You can see and hear about Moffatt's contribution to the street art of Redfern on Culture Scouts Indigenous Storytelling tour on Saturday June 3rd.

Interested? Book the 3rd June Indigenous Storytelling Tour NOW. Spaces are filling fast. 

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A Whistlestop Trip: Marrickville Open Studio Tour

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A Whistlestop Trip: Marrickville Open Studio Tour

Two tours for the Inner West Council

All aboard! Culture Scouts led The Cultural Express Tour in partnership with Inner West Open Studio Trail last Saturday (2pm - 4pm). Hopping on the train at Newtown Train Station, we took the group to pull back the curtain on the vibrant inner-west creative scene.

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Saturday: The Cultural Express Tour #1

STOP #1: MLC Gallery
Artist, Miriam Cabello, is also the curator of the MLC Gallery Space - the studio and gallery. As part of Vivid Ideas, Carnival of the Bold collaborated with Miriam to present Cause & Effect: Artists for Social Change. Our lucky walkers attended the critical discussion; part of the two-week MLC exhibition worked on by Miriam and five other artists; Andrea Srisurapon, Mandy Schöne-Salter, Marwa Charmand, Sherine Tan and Tia Kass.

STOP #2: Lennox Street Studios
Lennox Street Studios, one of Sydney’s oldest artist run studios, developed out of a need to meet the demand for traditional artist spaces in Sydney. Recently they have been trying to bring outsiders in through photography and design. Each artist now has their own profile page. Art classes and exhibitions are held all year round, with occasional community events (Saturday was a classic BBQ).

STOP #3: Newsagency Gallery
Newsagency gallery evokes a sense of Aussie nostalgia, with a faded Women's Weekly sign out the front. But in no way is it stuck in the past. Both curating group exhibitions, and hosting solo shows by emerging and established artists, Newsagency likes to shake things up.

Sunday: Delve into Marrickville Tour #2

STOP #1: Fintan Magee & ZAP street art
No trip to Marrickville would be complete without seeing some of the remarkable street art murals that are so numerous you’d almost forget how amazing they are. Fintan ‘the Banksy of Australia’ Magee was showcasing his social realism. He depicts workers, and other people who are assets to the community who don’t usually get seen. The mysterious ZAP artist also made an appearance with his jaunty comic book-esque graphics.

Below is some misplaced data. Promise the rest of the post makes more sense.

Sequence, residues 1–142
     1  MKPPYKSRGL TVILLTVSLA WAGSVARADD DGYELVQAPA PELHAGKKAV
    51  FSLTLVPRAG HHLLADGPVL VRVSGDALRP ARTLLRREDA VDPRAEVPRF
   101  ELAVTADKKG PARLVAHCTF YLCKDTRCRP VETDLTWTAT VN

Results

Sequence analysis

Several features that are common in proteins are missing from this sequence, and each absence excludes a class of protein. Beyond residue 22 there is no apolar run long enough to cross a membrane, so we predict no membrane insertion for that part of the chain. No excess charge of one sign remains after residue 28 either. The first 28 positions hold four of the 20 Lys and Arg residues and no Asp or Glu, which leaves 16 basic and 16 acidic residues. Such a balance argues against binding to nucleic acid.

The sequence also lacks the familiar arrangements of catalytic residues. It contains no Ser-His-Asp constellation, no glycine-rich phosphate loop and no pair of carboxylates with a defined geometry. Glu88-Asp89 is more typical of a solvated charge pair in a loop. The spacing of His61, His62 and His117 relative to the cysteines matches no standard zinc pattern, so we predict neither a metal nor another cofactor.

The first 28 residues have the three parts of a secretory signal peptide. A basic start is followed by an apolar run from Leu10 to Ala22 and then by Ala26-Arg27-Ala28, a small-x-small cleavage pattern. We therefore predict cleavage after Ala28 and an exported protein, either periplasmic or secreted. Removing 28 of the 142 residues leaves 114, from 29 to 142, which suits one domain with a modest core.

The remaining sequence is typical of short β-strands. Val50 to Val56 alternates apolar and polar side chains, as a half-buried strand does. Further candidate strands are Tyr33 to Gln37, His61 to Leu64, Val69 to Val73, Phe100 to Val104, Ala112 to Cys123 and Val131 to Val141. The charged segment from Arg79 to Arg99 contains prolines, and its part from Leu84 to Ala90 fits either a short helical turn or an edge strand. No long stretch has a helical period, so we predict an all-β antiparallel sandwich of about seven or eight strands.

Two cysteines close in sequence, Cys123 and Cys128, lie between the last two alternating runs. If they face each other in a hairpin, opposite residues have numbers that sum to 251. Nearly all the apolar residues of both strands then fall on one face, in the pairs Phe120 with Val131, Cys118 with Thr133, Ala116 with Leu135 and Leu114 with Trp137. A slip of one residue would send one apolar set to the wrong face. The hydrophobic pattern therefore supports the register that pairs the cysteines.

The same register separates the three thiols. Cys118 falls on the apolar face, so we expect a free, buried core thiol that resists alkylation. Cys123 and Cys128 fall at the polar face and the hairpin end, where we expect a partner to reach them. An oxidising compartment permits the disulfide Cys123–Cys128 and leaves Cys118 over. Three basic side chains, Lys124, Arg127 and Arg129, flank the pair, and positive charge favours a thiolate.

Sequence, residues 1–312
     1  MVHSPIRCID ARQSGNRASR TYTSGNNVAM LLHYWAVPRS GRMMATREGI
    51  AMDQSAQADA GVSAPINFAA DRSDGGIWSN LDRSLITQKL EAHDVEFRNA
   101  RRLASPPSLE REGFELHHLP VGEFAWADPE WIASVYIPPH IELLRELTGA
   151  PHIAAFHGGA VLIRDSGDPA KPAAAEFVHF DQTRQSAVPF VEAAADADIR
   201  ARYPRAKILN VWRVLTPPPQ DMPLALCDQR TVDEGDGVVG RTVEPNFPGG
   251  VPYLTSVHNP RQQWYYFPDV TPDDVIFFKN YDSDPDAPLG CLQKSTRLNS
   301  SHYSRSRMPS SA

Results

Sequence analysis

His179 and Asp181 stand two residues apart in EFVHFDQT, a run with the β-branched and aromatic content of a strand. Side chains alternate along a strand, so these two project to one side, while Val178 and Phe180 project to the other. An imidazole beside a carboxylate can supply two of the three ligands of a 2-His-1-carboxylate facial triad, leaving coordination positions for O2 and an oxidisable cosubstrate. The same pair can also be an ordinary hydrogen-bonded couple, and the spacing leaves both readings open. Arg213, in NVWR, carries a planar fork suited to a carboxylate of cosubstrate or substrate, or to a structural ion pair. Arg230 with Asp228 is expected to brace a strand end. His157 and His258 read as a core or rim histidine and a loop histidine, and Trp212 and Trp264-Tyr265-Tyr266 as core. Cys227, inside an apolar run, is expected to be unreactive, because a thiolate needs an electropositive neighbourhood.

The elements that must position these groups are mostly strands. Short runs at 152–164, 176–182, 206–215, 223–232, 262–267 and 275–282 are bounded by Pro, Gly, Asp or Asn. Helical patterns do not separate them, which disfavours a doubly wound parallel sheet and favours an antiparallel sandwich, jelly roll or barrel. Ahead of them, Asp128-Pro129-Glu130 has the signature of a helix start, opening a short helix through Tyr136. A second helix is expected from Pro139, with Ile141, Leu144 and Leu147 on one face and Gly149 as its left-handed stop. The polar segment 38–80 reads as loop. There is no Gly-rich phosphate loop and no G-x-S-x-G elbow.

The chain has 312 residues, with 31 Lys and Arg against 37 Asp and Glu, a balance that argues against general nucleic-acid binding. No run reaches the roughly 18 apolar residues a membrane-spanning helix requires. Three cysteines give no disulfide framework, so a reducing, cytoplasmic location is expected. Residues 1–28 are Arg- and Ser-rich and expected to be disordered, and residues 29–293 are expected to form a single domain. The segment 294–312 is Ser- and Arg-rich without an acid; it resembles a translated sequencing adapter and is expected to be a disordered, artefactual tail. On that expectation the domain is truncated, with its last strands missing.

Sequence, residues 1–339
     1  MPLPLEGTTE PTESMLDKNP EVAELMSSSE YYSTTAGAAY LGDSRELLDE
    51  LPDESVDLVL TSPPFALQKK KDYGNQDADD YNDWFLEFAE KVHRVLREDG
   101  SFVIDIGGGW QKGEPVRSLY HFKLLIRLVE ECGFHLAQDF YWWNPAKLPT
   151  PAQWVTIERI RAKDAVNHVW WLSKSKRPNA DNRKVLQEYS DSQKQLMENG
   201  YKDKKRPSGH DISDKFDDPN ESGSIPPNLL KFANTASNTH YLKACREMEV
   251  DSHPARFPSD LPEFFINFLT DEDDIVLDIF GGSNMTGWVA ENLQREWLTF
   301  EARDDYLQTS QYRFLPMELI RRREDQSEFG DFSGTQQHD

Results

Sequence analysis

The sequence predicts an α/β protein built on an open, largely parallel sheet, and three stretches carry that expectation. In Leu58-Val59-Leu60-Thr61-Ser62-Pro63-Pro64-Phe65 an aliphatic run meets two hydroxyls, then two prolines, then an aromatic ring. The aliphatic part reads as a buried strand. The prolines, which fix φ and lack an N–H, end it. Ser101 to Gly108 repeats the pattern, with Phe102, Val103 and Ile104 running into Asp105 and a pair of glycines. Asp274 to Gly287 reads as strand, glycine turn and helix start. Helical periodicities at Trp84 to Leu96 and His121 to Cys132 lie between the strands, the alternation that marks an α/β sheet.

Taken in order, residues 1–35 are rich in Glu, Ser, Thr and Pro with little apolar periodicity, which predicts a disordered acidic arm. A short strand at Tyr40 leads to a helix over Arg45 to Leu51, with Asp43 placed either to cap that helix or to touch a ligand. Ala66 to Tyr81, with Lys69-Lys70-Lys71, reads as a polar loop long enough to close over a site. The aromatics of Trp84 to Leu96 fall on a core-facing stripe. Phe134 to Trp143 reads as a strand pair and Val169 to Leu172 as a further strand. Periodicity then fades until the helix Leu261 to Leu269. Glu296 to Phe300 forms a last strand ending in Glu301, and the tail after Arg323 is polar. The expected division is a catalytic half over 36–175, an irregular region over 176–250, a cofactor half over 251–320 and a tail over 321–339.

STOP #2: Monster Mouse Studios
The walkers were welcomed off the winding back lanes by Carizza, who took us around the maze of artistic nooks and crannies. Walking in and out of the studios of woodworkers, painters, and sculptors was a highlight - especially when Art Pharmacy painter Claire Nakazawa paused in her work to give us some information about how she worked. Afterwards, tourers admires the exhibition taking place within Monster Mouse.

Claire Nakazawa

Claire Nakazawa

STOP #3: Scratch Studios
The energy was incredible - performance art involving sugar cubes and clay, artists working away on their projects, and all working as smoothly as clockwork. A highlight was photographer’s Grace Costa’s beautiful horse photographs. The images were so soft, you’d be forgiven for thinking some of them were paintings. Carmel, of Scratch, rounded off the visit with a talk about the inner workings of Scratch.

STOP #4: Batch Brewery Company
For thirsty walkers, nothing is more appealing than a beer a cold beer, in an atmospheric brewery on a stunningly beautiful Sunday afternoon. With some delicious kebab wraps to regain stamina, the guys at Batch brewer were friendly and hospitable.

Like to do something similar? Book here


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Culture Scouts x Australian Tourism Exchange 2017

Interested in booking a tour for yourself or for an organisation? Contact us here
Are you an interested ITO or journalist? Contact us here

Head Scout, Emilya Colliver and Culture Scouts General Manager, Sophia de Mestre

Head Scout, Emilya Colliver and Culture Scouts General Manager, Sophia de Mestre

Culture Scouts was once again part of the Australian Tourism Exchange in Sydney last week! We’re still catching our breath from the flurry of hosting Culture Scouts walking tours, meeting international journalists and catching up with international tour operators (ITO’s).